Philosophy of createState() in Originator class in Memento Pattern

Hello Guys. I’ve question about the philosophy of createState() in Originator class in Memento Pattern.

Mosh said:

now that Editor(Originator) class no longer stores EditorState(Memento) objects internally, we should give it two new methods; createState() and restoreState().

The createState() method stores the current state of the Editor inside a State object and returns it. So we call this method and say, “Hey, save your current state and give it to me”, we’ll get an EditorState object.

I’m confused. Because when I was trying to implement the Originator (Editor) class that stores a list of EditorState internally ,I still needed to have this createState() method.

my class:

public class MyEditor2 {

    private String content;
    private String title;

    //stores a list of EditorState internally
    private List<EditorState> previousStates;

    public MyEditor2() {

        previousStates = new ArrayList<>();

    public void push() {

    // need to have it.
    private EditorState createState() {
        return new EditorState(content, title);

    public void pop() {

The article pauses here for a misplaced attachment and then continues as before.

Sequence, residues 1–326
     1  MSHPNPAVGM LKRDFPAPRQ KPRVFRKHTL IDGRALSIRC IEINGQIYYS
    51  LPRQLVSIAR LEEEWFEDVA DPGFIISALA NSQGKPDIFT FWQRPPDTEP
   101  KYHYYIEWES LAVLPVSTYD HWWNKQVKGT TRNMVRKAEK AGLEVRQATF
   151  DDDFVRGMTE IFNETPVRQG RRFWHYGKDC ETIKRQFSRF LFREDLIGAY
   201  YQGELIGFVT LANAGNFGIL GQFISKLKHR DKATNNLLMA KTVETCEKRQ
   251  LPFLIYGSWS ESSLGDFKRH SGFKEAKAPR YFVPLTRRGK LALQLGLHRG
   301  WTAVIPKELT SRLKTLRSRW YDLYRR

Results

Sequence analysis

int lastIndex = previousStates.size() - 1;

        this.content = previousStates.get(lastIndex).getContent();
        this.title = previousStates.get(lastIndex).getTitle();


    public void setContent(String content) {

        this.content = content;

    public void setTitle(String title) {

        this.title = title;

    public String getContent() {
        return content;

    public String getTitle() {
        return title;

What is the reason for using and creating this method? in both case ( stores EditorState(Memento) objects internally and not storing EditorState(Memento) objects internally), I had to implement that method.

Mosh was talking about the Single Responsibility Principle (SRP) and how the implementation that stores the current state and the history directly in the Editor class is violating that principle. You can definitely just store the historical states directly in there, but you will be violating the SRP and it would make sense to have the createState method to make that simpler. He was merely talking about APIs between the different objects involved in the pattern - not implementation details about the specific way you could implement the Editor class. It is also possible to keep separate lists of every piece of historical state and then you would not need an EditorState class at all. That seems worse to me, but you could do it. The point is that there is no absolute need for a createState method if you are storing state locally.

Why does the Editor class need createState and restore methods after history management is delegated to another object? Because the Editor is the only object that knows the current state so it can create the historical record (createState) and it is the interface for updating the current state (restore). That (IMO) is the real philosophy here - just trying to abide by the SRP.